Enter the last two weeks. Circumstances filled every day with things I do not do well. We moved. I’m 22 weeks pregnant. My bike has a flat tire and my husband is too harassed to fix it. (Yes, I should learn to fix my own bike tires. Soon.) Moving meant my person was required at various utility companies and being put on hold with various internet providers. Normal people can probably get the lights on, the gas pumping and the water flowing in one try. I am not a normal person, nor am I good at details, like having the exactly right paper in my hand after waiting in line for forty-five minutes. The good clerks would patiently explain they had a system. I was not following the system. My eyes would well up because I am pregnant, prone to eye overflow, and perhaps, in slight hope, they would take pity on me. They did not, and I would drive my pitiful self back across town in search of the right paper (which was always a different paper). I would like to blame someone for this, but the truth is I have always and will probably always suck at the details of life (like driving, electricity and such). This is why I like camping.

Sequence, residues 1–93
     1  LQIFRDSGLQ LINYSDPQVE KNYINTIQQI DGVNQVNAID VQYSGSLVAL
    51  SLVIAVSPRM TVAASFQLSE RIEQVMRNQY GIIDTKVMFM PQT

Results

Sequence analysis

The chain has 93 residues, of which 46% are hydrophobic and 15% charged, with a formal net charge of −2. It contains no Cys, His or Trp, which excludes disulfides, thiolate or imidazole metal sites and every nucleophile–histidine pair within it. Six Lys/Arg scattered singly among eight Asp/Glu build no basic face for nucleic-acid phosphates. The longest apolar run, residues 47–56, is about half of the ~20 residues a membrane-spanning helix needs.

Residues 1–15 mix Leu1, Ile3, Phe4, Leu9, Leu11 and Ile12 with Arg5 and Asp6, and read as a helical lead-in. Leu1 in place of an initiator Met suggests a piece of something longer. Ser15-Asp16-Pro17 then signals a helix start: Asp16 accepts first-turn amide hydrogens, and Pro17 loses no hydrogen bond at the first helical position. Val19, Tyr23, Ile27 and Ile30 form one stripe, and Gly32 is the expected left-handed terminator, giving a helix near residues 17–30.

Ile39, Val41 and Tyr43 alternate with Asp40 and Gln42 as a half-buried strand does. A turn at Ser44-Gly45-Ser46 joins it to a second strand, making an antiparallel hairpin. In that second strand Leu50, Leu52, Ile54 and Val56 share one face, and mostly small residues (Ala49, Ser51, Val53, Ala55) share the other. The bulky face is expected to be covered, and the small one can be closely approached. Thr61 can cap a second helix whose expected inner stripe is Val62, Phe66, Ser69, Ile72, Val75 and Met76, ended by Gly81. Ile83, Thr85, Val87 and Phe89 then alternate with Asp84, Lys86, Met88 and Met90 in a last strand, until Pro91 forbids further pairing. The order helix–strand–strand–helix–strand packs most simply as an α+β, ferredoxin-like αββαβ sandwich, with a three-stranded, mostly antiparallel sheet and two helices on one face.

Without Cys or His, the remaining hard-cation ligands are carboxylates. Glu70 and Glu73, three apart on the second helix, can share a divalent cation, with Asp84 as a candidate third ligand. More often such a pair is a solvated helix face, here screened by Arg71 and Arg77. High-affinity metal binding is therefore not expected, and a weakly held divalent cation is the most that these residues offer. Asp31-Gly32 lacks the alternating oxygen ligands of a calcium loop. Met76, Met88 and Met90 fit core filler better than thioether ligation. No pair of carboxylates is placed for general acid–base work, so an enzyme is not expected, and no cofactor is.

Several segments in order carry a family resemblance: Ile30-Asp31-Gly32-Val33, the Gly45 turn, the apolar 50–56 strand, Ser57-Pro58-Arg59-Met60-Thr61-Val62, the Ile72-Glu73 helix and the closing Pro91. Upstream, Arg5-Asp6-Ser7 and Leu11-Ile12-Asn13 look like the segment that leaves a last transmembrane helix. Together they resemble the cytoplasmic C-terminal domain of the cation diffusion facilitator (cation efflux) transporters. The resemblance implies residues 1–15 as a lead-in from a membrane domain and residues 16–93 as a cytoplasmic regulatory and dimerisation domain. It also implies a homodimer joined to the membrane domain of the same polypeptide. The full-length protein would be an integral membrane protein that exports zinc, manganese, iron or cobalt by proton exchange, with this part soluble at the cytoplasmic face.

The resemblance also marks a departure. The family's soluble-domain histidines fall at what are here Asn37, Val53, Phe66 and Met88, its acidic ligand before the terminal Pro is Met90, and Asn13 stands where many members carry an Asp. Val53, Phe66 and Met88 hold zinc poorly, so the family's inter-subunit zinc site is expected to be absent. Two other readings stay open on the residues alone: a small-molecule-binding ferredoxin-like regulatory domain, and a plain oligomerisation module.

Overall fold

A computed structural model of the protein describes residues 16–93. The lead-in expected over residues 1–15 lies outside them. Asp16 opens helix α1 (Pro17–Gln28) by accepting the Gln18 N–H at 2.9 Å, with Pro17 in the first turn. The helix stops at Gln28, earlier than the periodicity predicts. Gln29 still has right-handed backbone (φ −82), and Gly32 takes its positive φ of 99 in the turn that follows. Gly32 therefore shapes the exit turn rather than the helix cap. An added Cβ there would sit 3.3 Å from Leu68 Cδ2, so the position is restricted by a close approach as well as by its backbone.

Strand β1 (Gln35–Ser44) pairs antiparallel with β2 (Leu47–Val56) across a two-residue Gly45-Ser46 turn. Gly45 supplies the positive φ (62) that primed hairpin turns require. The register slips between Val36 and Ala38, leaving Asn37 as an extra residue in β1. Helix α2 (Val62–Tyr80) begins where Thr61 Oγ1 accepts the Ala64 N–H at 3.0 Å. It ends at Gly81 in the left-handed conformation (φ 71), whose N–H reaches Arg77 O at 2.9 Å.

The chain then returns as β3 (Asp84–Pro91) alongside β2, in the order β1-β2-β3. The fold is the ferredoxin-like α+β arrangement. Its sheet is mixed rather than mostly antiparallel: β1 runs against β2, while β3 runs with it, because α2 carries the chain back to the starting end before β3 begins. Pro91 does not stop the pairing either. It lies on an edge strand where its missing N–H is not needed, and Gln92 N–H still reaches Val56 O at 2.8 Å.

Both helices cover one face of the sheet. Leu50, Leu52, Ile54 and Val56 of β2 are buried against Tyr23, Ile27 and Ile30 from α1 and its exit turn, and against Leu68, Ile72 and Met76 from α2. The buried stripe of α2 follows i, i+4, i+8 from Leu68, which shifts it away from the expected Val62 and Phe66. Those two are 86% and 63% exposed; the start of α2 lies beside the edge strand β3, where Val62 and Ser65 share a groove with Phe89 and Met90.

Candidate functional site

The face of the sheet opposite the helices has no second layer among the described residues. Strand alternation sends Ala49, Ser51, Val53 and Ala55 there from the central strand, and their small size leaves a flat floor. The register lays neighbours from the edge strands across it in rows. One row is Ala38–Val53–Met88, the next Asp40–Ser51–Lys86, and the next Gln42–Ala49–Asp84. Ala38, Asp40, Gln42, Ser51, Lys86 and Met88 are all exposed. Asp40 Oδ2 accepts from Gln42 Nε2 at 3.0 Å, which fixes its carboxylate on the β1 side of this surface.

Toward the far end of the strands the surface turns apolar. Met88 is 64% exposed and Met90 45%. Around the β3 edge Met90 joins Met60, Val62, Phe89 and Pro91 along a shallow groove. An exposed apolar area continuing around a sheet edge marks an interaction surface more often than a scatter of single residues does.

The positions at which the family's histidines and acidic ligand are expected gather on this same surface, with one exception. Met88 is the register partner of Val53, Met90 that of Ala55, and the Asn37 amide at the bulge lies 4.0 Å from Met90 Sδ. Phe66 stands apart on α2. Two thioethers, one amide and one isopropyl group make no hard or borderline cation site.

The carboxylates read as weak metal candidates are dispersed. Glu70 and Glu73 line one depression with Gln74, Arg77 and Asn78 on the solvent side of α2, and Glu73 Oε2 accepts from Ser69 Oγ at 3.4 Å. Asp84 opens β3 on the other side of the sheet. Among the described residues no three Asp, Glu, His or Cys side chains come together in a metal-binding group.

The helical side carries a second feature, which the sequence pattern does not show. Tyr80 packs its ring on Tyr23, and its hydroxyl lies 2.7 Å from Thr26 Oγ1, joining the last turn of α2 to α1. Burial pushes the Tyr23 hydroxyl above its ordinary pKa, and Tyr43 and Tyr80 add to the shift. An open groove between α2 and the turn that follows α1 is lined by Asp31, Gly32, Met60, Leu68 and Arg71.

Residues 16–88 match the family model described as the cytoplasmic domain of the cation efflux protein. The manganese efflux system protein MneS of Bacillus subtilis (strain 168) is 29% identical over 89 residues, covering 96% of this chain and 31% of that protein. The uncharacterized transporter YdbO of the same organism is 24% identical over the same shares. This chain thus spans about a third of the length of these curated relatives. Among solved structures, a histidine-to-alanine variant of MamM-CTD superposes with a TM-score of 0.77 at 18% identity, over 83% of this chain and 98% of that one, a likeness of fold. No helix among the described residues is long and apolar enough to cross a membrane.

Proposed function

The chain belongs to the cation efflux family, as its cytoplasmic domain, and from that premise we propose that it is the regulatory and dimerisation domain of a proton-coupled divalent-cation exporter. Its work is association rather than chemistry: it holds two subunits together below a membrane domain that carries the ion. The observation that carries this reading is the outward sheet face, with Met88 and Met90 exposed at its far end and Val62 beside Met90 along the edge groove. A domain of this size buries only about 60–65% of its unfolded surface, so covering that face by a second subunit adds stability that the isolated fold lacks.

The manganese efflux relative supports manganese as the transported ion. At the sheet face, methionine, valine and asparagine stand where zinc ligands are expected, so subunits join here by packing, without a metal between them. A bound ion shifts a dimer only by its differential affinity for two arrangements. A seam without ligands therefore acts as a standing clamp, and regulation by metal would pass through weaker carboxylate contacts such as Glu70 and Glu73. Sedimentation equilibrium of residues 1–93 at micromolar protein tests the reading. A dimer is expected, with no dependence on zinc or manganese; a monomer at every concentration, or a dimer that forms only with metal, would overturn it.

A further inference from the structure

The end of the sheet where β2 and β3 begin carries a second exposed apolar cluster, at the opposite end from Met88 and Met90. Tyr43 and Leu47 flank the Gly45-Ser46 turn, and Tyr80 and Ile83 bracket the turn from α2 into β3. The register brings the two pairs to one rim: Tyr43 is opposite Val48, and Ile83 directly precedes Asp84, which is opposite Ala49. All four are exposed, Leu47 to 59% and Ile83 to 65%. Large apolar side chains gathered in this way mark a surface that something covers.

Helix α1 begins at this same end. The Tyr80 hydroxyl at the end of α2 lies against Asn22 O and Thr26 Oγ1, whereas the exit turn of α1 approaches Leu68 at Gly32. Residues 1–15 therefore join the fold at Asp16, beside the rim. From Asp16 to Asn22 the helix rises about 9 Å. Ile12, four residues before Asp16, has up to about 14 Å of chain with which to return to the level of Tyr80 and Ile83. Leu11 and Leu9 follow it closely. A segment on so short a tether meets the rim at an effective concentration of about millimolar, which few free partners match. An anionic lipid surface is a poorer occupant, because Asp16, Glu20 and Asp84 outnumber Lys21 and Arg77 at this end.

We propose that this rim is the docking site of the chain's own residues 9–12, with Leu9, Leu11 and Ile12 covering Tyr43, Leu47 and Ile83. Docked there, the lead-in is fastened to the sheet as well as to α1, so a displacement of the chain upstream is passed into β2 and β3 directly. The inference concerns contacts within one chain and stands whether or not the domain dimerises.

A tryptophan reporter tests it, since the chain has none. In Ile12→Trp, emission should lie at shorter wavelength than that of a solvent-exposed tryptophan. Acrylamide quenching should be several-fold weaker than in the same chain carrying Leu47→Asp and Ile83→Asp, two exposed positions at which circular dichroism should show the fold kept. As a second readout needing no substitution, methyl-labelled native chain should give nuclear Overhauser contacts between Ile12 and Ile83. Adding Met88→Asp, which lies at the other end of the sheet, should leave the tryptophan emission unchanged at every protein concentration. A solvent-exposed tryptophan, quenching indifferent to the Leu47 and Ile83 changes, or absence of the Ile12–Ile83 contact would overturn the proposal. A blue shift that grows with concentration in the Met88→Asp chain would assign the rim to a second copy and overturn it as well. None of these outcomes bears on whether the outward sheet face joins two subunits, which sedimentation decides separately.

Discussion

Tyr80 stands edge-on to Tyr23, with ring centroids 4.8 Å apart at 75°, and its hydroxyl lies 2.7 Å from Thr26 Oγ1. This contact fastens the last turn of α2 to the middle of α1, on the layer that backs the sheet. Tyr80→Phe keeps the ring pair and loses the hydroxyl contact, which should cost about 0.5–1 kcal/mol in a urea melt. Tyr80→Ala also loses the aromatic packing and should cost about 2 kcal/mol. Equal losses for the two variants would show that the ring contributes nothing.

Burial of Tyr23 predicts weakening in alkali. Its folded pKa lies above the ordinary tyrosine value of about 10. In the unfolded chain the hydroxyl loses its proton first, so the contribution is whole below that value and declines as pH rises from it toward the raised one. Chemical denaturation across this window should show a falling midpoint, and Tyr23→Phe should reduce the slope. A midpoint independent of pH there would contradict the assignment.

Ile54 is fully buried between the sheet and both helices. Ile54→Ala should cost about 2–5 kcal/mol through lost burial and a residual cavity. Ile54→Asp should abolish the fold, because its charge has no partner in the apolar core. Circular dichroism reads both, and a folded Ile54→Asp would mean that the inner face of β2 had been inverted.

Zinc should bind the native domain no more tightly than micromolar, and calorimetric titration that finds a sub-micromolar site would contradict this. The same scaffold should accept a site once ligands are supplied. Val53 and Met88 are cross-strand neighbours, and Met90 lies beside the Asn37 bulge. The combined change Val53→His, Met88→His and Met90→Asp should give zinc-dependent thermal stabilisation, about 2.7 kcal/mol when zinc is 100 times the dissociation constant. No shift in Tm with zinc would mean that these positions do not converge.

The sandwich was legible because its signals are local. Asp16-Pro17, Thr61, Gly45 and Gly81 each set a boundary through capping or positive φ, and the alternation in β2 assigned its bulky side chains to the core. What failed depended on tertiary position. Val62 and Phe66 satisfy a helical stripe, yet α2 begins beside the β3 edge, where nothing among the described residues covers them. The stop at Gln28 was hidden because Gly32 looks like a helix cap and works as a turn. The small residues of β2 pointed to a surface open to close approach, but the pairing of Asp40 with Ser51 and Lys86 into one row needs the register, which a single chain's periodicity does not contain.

In spite of my lack as a fully functioning adult, here I sit in my much larger house with electric, water, gas and a wireless signal. Tomorrow, I am promised a patched tire.

Bugs, Reptiles and Salmonella

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There are bugs, which we catch, study, and with much cajoling, release.

“I’m going to miss BT (a beetle). I’m really going to miss him.”

Bug catching paraphenalia

And lizards that we feed, spray and handle.

“Do you think Miter and Scrubby love us?”

The Lizards

And a turtle for the garden and one boy’s endless fascination.

“I like him. I just really like him.”

And there’s the reading of books about said creatures for there is much to know about the life and times of beetles, spiders and  snakes. It is knowledge the boy soaks up and repeats with some false information, but all the right words. “Sam, what are you doing?” “I’m building an ecosystem.”